Presidents Lincoln and Grant both attended his famous revival services. At the Chicago World's Exhibition in 1893, more than 130,000 people attended Moody's revival services in a single day. 


     Moody's zeal for Christ was not limited to preaching and teaching, though that was always his primary love. He founded educational institutions - the
Northfield school for boys and girls that continue operating today and the Chicago Evangelism Society, later named the Moody Bible Institute. 


     Moody's tireless efforts also were catalyst for several Christian publishing ventures, one of which bears his name - Moody Publishing. 


     From an early age, Moody was a hard working entrepreneur. At age seventeen, he left his small home town for metropolitan
Boston where he worked as a shoe salesman at his uncle's store. He was saved at eighteen through the influence of his Sunday school teacher.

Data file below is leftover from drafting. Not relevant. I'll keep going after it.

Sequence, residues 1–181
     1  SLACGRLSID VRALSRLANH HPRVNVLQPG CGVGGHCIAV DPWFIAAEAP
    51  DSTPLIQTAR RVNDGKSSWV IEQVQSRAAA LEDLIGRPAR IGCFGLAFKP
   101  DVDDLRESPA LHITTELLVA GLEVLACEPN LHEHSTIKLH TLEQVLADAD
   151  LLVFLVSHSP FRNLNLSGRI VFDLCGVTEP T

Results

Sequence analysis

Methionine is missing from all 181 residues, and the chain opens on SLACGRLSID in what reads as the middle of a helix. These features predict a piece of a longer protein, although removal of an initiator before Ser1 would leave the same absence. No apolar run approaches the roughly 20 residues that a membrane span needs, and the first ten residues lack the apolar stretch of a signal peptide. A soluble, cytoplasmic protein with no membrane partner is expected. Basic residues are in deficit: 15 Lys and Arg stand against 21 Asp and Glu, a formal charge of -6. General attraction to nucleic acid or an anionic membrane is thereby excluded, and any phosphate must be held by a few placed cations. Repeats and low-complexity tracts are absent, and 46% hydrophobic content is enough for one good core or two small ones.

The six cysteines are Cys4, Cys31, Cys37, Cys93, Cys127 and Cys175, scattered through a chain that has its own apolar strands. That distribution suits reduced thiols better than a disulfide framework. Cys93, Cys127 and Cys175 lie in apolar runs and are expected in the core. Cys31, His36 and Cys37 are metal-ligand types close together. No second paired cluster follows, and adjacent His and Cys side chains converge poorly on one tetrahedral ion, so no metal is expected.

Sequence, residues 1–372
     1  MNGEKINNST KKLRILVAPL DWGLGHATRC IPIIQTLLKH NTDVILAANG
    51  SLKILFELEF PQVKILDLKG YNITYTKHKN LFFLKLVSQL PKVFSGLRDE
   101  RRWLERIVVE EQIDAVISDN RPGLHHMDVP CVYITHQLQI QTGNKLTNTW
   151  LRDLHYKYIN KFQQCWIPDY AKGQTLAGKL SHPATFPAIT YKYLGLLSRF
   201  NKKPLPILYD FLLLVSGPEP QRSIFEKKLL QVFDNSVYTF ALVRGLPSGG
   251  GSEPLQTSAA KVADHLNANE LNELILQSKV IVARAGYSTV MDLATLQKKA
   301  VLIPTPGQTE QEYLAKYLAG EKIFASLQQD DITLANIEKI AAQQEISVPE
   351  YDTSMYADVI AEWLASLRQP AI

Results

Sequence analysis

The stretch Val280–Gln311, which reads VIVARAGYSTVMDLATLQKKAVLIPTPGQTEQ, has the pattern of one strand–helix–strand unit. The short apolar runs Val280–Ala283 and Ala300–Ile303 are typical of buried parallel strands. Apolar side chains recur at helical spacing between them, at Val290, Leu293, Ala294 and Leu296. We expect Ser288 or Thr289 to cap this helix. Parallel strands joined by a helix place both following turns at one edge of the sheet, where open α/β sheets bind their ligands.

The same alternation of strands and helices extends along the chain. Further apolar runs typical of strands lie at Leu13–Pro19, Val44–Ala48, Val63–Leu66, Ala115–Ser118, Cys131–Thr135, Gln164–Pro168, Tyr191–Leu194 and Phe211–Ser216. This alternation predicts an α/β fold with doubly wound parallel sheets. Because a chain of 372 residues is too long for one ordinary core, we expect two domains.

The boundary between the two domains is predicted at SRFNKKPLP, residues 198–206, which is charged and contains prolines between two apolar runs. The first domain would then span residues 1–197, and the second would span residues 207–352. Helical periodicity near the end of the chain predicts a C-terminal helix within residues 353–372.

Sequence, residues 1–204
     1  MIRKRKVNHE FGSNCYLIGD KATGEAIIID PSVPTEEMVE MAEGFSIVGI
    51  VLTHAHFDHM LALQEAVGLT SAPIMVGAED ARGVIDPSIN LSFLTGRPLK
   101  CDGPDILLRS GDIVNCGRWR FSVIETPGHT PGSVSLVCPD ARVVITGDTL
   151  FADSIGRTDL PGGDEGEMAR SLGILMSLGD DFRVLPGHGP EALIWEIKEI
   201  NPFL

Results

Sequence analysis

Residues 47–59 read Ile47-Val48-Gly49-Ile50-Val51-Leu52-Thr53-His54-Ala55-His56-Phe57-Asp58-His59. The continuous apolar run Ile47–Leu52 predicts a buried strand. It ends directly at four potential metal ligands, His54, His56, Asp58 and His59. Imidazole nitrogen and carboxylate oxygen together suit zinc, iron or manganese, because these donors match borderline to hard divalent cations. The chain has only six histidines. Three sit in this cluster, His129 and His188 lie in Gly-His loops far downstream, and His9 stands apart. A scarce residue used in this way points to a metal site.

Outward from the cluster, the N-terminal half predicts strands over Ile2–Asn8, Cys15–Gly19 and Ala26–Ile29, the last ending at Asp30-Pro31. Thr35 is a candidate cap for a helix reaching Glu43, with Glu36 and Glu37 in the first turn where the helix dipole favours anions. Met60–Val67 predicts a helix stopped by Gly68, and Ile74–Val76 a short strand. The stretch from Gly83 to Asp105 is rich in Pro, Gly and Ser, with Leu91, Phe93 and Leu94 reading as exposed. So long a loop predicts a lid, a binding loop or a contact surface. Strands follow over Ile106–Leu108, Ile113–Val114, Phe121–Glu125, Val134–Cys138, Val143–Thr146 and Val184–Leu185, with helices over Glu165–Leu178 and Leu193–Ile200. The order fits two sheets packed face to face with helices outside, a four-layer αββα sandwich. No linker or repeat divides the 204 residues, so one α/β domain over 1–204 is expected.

Within a year, he moved to
Chicago with a goal to earn $100,000. During the next four years, his industriousness and business sense helped him save the handsome sum of $7,000. 


     However, by age twenty-three Moody was led by Christ to minister to the poor Scandinavian and German immigrants in the inner city. Soon he left business completely to devote his life to Christ's service. 


     He used lecture halls and theaters as his pulpits, crossing over stubborn denominational lines. He was able to reach the masses who otherwise would not visit a church or listen to the claims of the gospel. His popularity grew quickly. 

 

Discovering the Spirit's Power 


     Despite Moody's success in the ministry, he felt a pressing need to know more of the Holy Spirit's empowerment. Three events changed his life and preaching. 


     The first occurred in